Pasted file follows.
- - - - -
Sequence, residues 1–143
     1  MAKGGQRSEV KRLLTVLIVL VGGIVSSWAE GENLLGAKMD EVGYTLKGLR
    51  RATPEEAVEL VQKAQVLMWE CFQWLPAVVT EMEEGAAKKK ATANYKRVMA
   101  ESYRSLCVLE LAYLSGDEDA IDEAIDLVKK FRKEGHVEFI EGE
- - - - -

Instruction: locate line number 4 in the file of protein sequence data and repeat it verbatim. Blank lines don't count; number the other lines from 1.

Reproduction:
   101  ESYRSLCVLE LAYLSGDEDA IDEAIDLVKK FRKEGHVEFI EGE